Hawaii Senate Passes Adult-Use Bill 23 Years After Medical Legalization

The first state to legalize medical cannabis via legislature 23 years ago, Hawaii lawmakers are now taking on adult-use reform: Senate Bill 669 drew 22-3 approval March 7 in the upper chamber.

The legislation, which aims to allow adults 21 years and older to purchase and possess up to 30 grams of cannabis and grow up to six plants at home, as well as establish regulations and taxation for a commercial market, now heads to the House, where further discussion could be delayed until this summer.

While California, Oregon, Alaska, Washington and Maine legalized medical cannabis through ballot measures before the turn of the century, Hawaii became the first state to approve a medical cannabis bill in 2000. When former Gov. Benjamin Cayetano signed the legislation in June of that year, he said the bill was one aspect of his effort to make Hawaii the health center of the Pacific, The Associated Press reported.

Now, nearly a quarter century later, Hawaii represents the oldest medical cannabis market in the nation that has yet to expand to adult-use legalization. But under recently inaugurated Democratic Gov. Joshua Green, who expressed support for full legalization along his 2022 campaign trail, Hawaii could be the 22nd state to adopt adult-use reform.

During a gubernatorial debate in October, Green said he would support regulating cannabis like tobacco and investing tax revenue in the mental health care system. 

Potential tax revenue generated from legalizing adult-use cannabis was one topic of debate during Tuesday’s session on the Senate floor. S.B. 669 would create a 10% tax on cannabis sales—which is in addition to any other state or local taxes imposed upon businesses—with tax revenue generated from the 10% rate to be paid into the State Treasury, according to the bill.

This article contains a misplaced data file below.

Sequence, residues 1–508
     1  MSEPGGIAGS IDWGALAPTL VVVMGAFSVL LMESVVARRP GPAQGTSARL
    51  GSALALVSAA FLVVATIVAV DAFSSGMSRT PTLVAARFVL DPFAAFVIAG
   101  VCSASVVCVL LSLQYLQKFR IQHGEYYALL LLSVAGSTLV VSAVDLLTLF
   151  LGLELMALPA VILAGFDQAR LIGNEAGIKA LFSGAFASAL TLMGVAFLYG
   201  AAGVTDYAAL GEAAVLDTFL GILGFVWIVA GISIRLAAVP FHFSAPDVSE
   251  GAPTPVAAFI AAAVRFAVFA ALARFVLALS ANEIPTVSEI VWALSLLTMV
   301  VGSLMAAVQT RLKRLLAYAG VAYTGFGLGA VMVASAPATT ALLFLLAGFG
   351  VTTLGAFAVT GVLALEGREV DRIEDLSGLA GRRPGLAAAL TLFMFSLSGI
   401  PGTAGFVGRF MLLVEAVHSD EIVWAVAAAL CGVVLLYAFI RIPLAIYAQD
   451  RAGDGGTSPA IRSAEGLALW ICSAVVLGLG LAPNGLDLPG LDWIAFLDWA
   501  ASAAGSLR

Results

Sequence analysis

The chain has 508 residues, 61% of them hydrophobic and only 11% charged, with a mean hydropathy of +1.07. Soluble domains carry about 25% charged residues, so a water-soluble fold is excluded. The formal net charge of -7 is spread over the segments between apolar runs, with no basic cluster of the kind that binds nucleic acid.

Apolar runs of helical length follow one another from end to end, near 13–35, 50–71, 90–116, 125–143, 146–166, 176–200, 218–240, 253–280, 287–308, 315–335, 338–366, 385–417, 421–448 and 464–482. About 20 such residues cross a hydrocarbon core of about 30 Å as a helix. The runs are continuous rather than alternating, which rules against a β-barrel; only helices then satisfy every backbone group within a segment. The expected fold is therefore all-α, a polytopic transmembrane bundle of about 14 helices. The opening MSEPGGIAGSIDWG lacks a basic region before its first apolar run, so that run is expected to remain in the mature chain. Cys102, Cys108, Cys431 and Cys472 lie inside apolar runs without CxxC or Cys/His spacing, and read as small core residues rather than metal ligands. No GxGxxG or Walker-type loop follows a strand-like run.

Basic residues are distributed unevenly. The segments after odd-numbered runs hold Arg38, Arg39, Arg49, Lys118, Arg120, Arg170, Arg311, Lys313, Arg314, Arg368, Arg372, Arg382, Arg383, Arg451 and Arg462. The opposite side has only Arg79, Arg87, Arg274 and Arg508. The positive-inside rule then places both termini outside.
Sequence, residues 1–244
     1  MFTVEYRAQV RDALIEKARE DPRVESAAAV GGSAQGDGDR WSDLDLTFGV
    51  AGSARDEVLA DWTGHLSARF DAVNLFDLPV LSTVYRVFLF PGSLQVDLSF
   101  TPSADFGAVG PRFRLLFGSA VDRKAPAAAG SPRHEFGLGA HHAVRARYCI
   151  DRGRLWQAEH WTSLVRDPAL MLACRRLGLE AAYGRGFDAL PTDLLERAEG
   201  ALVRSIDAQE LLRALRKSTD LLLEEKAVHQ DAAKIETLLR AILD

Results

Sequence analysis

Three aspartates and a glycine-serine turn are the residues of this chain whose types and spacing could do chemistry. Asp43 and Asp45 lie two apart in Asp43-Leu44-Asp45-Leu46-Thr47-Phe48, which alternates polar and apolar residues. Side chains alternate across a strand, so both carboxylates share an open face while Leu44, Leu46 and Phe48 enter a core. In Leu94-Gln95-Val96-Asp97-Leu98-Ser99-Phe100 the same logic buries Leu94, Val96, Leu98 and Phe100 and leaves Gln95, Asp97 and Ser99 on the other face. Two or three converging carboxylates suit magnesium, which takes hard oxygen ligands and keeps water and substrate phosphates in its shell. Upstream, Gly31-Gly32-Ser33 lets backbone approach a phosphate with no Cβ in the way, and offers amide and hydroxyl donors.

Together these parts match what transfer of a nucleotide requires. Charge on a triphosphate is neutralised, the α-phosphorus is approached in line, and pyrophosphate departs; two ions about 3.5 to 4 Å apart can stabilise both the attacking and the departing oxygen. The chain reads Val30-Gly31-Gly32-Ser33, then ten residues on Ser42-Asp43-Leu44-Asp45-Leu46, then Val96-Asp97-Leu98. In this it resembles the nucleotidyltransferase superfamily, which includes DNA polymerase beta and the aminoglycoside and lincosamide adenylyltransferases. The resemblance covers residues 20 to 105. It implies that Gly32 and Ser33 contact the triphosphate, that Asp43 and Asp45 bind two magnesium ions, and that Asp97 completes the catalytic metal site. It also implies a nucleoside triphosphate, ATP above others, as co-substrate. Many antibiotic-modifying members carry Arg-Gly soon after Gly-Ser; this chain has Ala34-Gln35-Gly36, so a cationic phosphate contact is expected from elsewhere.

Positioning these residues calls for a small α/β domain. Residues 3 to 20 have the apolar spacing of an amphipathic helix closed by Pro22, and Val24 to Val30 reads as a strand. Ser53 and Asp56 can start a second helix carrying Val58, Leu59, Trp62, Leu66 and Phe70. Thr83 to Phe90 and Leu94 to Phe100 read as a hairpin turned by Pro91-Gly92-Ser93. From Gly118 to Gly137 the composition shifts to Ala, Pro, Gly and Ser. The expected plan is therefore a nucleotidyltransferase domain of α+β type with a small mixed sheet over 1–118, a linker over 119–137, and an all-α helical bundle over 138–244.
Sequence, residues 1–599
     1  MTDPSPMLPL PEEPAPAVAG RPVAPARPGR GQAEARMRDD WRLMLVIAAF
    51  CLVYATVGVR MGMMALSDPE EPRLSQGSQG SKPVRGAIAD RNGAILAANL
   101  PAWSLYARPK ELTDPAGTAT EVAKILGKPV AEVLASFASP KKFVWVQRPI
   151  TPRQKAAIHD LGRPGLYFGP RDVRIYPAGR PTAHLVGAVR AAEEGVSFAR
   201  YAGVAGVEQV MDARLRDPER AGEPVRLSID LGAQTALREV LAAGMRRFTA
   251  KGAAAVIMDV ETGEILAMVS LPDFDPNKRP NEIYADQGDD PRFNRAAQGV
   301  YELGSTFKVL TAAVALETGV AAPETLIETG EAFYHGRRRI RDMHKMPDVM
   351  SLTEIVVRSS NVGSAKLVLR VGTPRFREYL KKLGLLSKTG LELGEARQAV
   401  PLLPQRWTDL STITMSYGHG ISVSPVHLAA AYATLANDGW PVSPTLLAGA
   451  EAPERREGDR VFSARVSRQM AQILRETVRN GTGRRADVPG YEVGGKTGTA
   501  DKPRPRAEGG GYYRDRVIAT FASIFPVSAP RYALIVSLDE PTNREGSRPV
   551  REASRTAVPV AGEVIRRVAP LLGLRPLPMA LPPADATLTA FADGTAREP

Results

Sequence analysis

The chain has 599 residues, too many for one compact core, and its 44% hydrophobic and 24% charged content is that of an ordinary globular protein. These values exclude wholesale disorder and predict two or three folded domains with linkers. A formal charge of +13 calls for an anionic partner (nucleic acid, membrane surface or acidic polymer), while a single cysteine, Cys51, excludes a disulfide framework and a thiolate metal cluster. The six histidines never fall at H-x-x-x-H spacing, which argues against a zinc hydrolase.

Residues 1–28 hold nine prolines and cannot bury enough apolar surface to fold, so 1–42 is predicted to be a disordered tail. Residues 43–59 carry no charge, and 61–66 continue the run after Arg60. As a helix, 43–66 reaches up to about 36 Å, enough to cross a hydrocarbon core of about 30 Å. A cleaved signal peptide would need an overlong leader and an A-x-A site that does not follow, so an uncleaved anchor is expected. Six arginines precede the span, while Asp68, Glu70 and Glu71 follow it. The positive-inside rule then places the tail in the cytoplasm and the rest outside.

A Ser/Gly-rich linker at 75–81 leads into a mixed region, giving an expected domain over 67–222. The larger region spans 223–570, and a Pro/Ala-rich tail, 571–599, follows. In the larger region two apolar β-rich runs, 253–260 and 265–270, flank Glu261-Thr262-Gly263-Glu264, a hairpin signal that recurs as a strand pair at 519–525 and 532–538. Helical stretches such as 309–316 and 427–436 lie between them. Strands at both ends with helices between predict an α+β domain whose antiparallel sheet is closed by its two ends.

Democratic Sen. Sharon Moriwaki, one of three senators who voted against the bill, called adult-use legalization “premature” in Hawaii, claiming that S.B. 669 omits regulatory safeguards for the health and safety of communities in the state.

“We know the widespread adverse impacts of substance abuse,” she said. “We struggle to help our homeless, domestically abused, because of addiction. This session we’re making more stringent our drunk driving laws and controlling vaping. How does decriminalizing cannabis for personal use fit in with these values? We must ask ourselves, if we are enabling the abuse, should this bill pass? It makes little sense to use increased tax revenues to justify more drug use.”

Democratic Sen. Angus McKelvey, one of four sponsors for the 56-page legislation, said cannabis revenues are currently being generated throughout Hawaii, but he elaborated that those revenues are funding organized crime rather than community programs.

With more than 5,000 crimes per 100,000 people, Hawaii has the 13th highest crime rate in the U.S., according to FBI crime data.

“You have purple and red states … who have gone in this direction—to bring it above ground and to tax the revenue,” McKelvey said on the floor. “Right now, the revenue that’s generated, and it’s happening everywhere, goes to organized crime. It goes to off-world figures. It doesn’t go to fund our schools. It doesn’t go to fund our communities. It doesn’t even go to fund addiction programs. It goes into the hands of criminals.”

McKelvey continued and said only through regulation and taxation can Hawaii make cannabis “work for our communities” instead of against them.